(CNN) - As Barack Obama courted Jewish voters in Florida Thursday, John McCain looked to resurrect the controversy over the Illinois senator’s former minister, Rev. Jeremiah Wright - who drew scrutiny earlier this year for comments he made in praise of Nation of Islam leader Louis Farrakhan.
The presumptive Republican nominee was responding to fallout over his decision to reject Pastor John Hagee’s endorsement, because of remarks that seemed to suggest Adolf Hitler had been carrying out God’s will because his actions drove many Jews to return to Israel.
“I have said I do not believe Senator Obama shares Reverend Wright's extreme views,” said McCain in his statement rejecting Hagee’s backing. “But let me also be clear, Reverend Hagee was not and is not my pastor or spiritual advisor, and I did not attend his church for twenty years. I have denounced statements he made immediately upon learning of them, as I do again today.”
Obama immediately fired back, telling reporters McCain was unfairly implying Wright’s controversial remarks were somehow attributable to him.
“If you're in national politics, everybody you can find one or two people who have said offensive things, or done offensive things,” said Obama. “You know, John McCain is having to deal with… Hagee. Who said stuff that is mind-boggling.
“I don't attribute those statements to John McCain. Nobody thinks that McCain believes that stuff. And for McCain to then suggest that every single statement that was made by somebody is somehow attributable to me, is just wrong…. It's just not accurate.”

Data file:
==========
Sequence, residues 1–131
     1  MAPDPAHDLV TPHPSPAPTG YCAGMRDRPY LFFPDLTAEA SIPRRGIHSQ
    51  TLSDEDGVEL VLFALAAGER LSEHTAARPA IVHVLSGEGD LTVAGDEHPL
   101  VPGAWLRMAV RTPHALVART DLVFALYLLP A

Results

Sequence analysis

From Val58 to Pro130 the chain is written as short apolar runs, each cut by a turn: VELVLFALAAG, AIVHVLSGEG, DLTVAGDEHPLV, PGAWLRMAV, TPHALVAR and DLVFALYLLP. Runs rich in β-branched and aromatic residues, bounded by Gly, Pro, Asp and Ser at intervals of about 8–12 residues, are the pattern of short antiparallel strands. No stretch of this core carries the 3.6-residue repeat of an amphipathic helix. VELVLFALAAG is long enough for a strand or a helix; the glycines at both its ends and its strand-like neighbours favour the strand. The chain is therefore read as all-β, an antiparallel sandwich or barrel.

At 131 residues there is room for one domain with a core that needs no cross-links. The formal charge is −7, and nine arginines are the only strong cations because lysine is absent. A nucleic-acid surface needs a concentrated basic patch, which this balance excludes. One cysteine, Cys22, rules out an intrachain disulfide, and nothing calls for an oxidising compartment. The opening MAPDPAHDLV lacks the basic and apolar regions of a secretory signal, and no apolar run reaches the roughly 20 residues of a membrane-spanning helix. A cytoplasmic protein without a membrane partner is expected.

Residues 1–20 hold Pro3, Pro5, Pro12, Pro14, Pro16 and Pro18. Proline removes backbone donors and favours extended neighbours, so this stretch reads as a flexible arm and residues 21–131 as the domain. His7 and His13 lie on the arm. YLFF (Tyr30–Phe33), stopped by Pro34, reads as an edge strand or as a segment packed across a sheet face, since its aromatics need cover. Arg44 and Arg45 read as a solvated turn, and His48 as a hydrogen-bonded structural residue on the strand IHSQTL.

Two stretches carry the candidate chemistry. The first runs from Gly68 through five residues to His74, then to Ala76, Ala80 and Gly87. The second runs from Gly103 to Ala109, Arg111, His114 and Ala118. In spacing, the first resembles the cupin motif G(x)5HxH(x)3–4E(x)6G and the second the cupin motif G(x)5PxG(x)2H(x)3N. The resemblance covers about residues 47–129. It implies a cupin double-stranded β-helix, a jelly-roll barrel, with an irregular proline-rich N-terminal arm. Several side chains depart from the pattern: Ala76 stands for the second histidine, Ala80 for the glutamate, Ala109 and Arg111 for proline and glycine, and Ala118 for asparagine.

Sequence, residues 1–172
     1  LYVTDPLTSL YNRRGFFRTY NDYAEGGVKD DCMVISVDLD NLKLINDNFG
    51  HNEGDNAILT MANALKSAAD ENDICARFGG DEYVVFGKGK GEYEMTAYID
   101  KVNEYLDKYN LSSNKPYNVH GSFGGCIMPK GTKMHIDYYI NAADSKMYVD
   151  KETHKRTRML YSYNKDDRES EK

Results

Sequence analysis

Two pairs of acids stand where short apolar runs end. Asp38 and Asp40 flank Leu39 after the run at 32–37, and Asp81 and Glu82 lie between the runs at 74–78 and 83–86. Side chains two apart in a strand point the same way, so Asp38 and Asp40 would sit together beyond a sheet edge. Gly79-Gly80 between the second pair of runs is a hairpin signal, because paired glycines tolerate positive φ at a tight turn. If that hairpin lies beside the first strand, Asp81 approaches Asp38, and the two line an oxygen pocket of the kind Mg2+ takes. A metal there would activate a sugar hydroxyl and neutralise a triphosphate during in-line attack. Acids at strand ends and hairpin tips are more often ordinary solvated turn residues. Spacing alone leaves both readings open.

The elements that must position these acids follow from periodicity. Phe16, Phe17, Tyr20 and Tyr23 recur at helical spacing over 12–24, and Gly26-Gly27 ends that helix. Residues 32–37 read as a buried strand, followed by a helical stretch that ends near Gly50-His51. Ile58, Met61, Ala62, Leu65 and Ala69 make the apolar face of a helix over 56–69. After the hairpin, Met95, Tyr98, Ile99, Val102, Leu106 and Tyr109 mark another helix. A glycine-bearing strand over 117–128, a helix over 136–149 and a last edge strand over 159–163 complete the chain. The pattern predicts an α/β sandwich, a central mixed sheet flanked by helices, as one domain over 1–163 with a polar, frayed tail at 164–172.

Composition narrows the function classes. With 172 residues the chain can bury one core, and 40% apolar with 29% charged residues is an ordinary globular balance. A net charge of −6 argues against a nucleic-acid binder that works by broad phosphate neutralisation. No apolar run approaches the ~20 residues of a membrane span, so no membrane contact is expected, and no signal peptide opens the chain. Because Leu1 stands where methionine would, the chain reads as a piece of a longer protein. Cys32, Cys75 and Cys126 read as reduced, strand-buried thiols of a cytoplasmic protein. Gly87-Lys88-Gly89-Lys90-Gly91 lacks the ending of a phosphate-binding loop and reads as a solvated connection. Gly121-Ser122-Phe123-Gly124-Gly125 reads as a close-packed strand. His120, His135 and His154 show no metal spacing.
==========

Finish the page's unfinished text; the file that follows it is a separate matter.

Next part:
Obama visited a Boca Raton synagogue Thursday in a bid to shore up his support among Jewish voters, a crucial Democratic voting bloc. He stressed his support for Israel after a week of controversy over whether or not he would agree to unconditional negotiations with Iranian President Mahmoud Ahmadinejad, who has called for the destruction of Israel.
Obama said again that he disagreed with former President Jimmy Carter’s decision to meet with Hamas and would only sit down with the group if they renounced terror and recognized Israel’s right to exist.
“I want to just repeat this because I know that there’s a lot of rumor mongering going around. People have been getting e-mails non-stop,” Obama told the crowd. “That’s why I reject the attempts by some of my opponents in this campaign to distort my position…. As president, I will do everything in my power to help Israel protect itself from these and other threats.”
The Republican National Committee, looking to attract new support from this traditionally Democratic constituency, released a memo after Obama's synagogue visit that said his positions signaled that he was “anything but a friend” of Israel, including remarks about Palestinian suffering and his willingness to consider dialogue with nations hostile to the United States and Israel.